7 Tips for Snow Day Fun

By Karen Callahan

While no one can argue with the fun of traditional activities, such as building snowmen or snow angels, keeping your kiddo occupied throughout an entire snow day while confined to your house might require a few more tricks up your sleeve.

Consider the unique opportunities the snow can provide for you and your kiddo to explore different language concepts, social skills, academic tasks, and leisure activities. Think about bringing what winter has to offer indoors, where it is warm, for a unique way to learn and play together.

To get started, grab a few safe bowls (think plastic Tupperware), some pots, a muffin tin, and a few spoons of different sizes. Fill one bowl with cold water and another with hot water. Throw a big beach towel on the floor and grab some of that white, powdery stuff! Here are seven tips for snow day fun.

  1. Let your child explore, figure out what they like about the activity, and add to what they find fun. If they’re watching you and waiting for what you will do next, you’ve got it right!

  2. In the beginning, don’t demand your child’s attention. Show them some fun ways to play with the snow and “kitchen stuff” and talk about what is happening. “Wow, you smashed the snow!” “Did you see it melt in the hot water?” “You got more snow!” “Stir, stir, stir, good job stirring!”

  3. Language Concepts: Once you’ve got the activity going, use the snow to start talking about fun, related language concepts like hot/cold, wet/dry, and melting/frozen.

  4. Social Skills: Take turns using the spoons, stirring, and playing. Encourage and model social skills by commenting about the activity and what you or your child enjoy. “Watch it melt!” “Wow, that is cold!” “I like playing in the snow!”

  5. Academic Tasks: Discuss weather, precipitation, seasons, and states of matter (solid, liquid, gas). Use your muffin tin and practice counting as you fill each cup.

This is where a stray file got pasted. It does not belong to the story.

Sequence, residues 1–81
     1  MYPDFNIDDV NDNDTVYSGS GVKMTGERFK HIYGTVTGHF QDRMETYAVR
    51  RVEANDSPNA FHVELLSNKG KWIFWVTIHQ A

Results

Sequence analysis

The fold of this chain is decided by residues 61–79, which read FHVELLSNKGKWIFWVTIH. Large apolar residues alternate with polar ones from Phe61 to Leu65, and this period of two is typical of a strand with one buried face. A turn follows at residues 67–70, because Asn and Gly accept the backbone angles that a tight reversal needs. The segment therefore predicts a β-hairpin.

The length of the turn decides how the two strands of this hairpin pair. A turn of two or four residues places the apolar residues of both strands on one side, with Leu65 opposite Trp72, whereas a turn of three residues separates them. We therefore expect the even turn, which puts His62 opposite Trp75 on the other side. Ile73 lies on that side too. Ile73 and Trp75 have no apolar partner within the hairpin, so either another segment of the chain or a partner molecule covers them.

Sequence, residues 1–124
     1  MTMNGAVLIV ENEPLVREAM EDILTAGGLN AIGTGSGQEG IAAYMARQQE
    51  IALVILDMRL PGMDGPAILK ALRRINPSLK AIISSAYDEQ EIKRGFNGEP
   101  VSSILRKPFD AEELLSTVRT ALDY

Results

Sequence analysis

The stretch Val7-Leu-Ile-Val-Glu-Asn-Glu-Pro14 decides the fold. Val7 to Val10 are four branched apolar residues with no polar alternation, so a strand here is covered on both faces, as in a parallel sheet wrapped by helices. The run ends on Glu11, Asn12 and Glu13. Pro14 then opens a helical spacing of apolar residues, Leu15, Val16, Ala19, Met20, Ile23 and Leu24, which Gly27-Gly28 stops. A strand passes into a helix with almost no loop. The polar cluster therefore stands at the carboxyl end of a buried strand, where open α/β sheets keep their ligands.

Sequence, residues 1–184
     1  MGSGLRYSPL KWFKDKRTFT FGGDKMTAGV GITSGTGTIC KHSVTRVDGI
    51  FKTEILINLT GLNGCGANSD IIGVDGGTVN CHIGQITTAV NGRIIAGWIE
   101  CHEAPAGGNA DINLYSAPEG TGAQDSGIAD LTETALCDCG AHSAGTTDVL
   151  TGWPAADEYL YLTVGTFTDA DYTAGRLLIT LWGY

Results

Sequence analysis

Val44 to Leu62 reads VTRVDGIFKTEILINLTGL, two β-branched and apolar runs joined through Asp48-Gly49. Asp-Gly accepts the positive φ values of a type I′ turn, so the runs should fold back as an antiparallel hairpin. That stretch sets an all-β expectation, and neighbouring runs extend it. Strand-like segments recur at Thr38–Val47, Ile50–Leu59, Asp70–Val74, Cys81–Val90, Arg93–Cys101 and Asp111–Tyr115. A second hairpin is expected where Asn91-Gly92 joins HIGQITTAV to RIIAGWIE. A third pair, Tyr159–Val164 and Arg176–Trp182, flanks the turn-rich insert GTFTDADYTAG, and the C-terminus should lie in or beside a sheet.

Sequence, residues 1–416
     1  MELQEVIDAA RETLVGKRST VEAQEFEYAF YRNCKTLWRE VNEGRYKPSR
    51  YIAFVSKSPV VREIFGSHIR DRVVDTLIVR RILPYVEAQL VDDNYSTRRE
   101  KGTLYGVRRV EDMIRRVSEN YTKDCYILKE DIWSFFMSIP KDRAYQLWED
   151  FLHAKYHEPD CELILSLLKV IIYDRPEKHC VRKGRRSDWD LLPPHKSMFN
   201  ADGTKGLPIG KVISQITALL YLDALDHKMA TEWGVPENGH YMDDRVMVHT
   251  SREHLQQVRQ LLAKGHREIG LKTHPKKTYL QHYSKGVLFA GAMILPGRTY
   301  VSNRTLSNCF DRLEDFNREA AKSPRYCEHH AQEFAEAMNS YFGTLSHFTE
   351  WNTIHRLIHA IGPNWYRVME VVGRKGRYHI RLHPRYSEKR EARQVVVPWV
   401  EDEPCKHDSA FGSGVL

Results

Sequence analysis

6. Leisure Skills: Feel free to step away from the activity and let your child dig in on their own. Sustaining a play activity and incorporating newly learned play skills modeled by an adult play a crucial role in learning.

  7. Be sure to set boundaries about where the snow must stay. We suggest prompting all snow activity back to the area of the beach towel.

Most importantly, have fun and enjoy this new experience!

Our Heart Goes Out to Texas

Resources for families in the wake of Tuesday’s tragedy in Uvalde, Texas

We all have been impacted by yesterday’s devastating tragedy in Uvalde, Texas. In times like these, we are often feeling many things like anger, anxiety, fear, grief, and sadness. It can be incredibly difficult as a parent or caregiver to know how to support your young loved ones and how to explain such a terrifying situation to them. We wanted to provide you with some resources to help your family navigate this difficult time.


Visit the links below to learn how you can support your child when tragedy happens:

How to talk to children about shootings: An age-by-age guide

How to talk to your kids about the Uvalde school shooting

Texas school shooting: How to help kids get through unspeakable horror

15 Tips for Talking with Children About Violence

Helping children cope: Tips for talking about tragedy

How To Talk To Kids About Tragedies in the Media

5 tips for talking about violence and tragedy with your young child

How to Comfort Your Child After a School Shooting


Talking With Children

Helping Children and Adolescents Cope With Traumatic Events

Books (available on Amazon)

The following stories aren’t related specifically to mass or school shootings but can help children see that they can take proactive steps to confront something terrifying.

The Rabbit Listened by Cori Doerrfeld

Come With Me by Holly McGhee

After the Fall by Dan Santat

Social Stories

Social Story About Safety Drills in School

Social Story About Death and Dying by Autism Little Learners